Horley Town 5 CB Hounslow United 1 (FA Vase first round)
The New Defence, 31 October 2020
The New Defence, 31 October 2020
When spectators were allowed back into non-League games, I'd planned to blog about every one I watched. That didn't happen: I soon found that in the absence of live music or theatre, with my reluctance to visit socially-distanced cinemas in a face mask and my friends' shared unwillingness to meet in pubs or restaurants, football became my main social activity. At times I went to two, three or even four matches a week, finding it was the only thing that offered any sense of surprise, any opportunity to visit places I normally wouldn't, even if those places were no more exotic than Carshalton or Leatherhead. I didn't always have enough to say, about the club(s), the matches or the experiences, to make a long piece worthwhile, and as I predicted after my second game, at Balham, this project started to feel like a bit of a chore: a lot of effort for not much reward in terms of readership, money or creative development.
I've covered a lot of ground: besides the ten games written up here, I've been to Wingate & Finchley, Haringey Borough, Tooting & Mitcham, Corinthian-Casuals, Hornchurch, Cray Valley Paper Mills and Cray Wanderers. The latter provided one of my favourite moments in a season where I've lamented the lack of any familiarity when Merstham, bottom of the Isthmian League Premier Division, brought on their player-coach - 48-year-old ex-Fulham striker Barry Hayles, who got booked for screaming at the referee in his team's 6-0 defeat. Apart from that throwback to 2001 - and the days when high-level players wound down by dropping through the leagues - there hasn't been much to say that a conventional report wouldn't do. Hence not writing up the best game I've seen this season: Colliers Wood United vs. Redhill, when Redhill went 3-0 up in the first half, Colliers Wood pulled back two goals just after half-time and then equalised after 70 minutes, Redhill grabbed a late winner and then the home team had a man sent off.
I didn't write up my second trip to Horley Town, either, for a 4-0 win over East Preston in the Southern Combination in which the clarets looked a genuinely strong side (and far improved on the first time I saw them this season). Having seen their excellent start to the season, I felt they might be a good bet for the FA Vase, for clubs in tiers 9-11 of the pyramid, and planned to see them at CB Hounslow United in the first round after they won their qualifying tie at Punjab United with a last-minute goal. I wanted to add Hounslow to my list of clubs visited, but the tie was switched to Horley - I didn't know why, but my friend Chris and I decided to go anyway. In the week, I saw Clapton CFC were playing Stonewall, politically a far more intriguing prospect between two teams I hadn't yet seen, but despite that and the torrential rain, I decided to stick with my plan and drag myself back to the New Defence. A good decision, it turned out, as the Clapton game got called off after a late pitch inspection, while Horley's went ahead.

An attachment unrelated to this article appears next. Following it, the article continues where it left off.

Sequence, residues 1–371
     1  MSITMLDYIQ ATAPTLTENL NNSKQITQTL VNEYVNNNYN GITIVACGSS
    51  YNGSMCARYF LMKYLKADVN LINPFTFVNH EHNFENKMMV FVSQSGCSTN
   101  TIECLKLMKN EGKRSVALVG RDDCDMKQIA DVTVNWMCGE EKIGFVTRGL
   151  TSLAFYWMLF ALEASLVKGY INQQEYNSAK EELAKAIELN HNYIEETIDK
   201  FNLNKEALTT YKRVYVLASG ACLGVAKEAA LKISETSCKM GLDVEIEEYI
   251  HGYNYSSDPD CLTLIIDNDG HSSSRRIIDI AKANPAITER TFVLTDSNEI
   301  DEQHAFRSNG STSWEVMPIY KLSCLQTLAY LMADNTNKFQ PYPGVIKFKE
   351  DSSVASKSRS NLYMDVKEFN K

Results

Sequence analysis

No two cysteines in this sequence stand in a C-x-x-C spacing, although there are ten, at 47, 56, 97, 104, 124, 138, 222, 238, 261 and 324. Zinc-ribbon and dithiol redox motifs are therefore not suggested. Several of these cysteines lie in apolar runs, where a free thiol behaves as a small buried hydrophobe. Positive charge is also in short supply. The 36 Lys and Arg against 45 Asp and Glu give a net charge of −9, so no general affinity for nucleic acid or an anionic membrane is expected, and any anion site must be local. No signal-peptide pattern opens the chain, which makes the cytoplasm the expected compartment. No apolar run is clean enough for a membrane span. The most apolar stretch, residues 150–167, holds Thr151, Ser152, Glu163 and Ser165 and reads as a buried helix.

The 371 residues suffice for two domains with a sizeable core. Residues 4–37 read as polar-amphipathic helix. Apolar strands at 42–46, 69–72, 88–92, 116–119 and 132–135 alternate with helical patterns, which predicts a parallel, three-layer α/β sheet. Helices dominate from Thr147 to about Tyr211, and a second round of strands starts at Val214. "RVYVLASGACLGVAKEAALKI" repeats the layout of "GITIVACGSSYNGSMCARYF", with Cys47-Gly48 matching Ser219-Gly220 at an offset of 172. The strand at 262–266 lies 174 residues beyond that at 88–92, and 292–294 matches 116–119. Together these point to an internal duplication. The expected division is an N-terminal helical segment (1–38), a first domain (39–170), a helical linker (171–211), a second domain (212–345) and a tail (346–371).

Chris and I ate together in a pub - illicitly, I think, as Horley is in Tier 1 but we'd come from London, in Tier 2, and apparently we take our restrictions with us. Nobody asked, so we sat and checked the result from Norwich's early kick-off against Bristol City and then talked about politics: our mutual loathing of Sir Keir Starmer QC, and the growing inevitability of another lockdown, after restrictions were introduced in Belgium, France, Germany, Greece and Spain.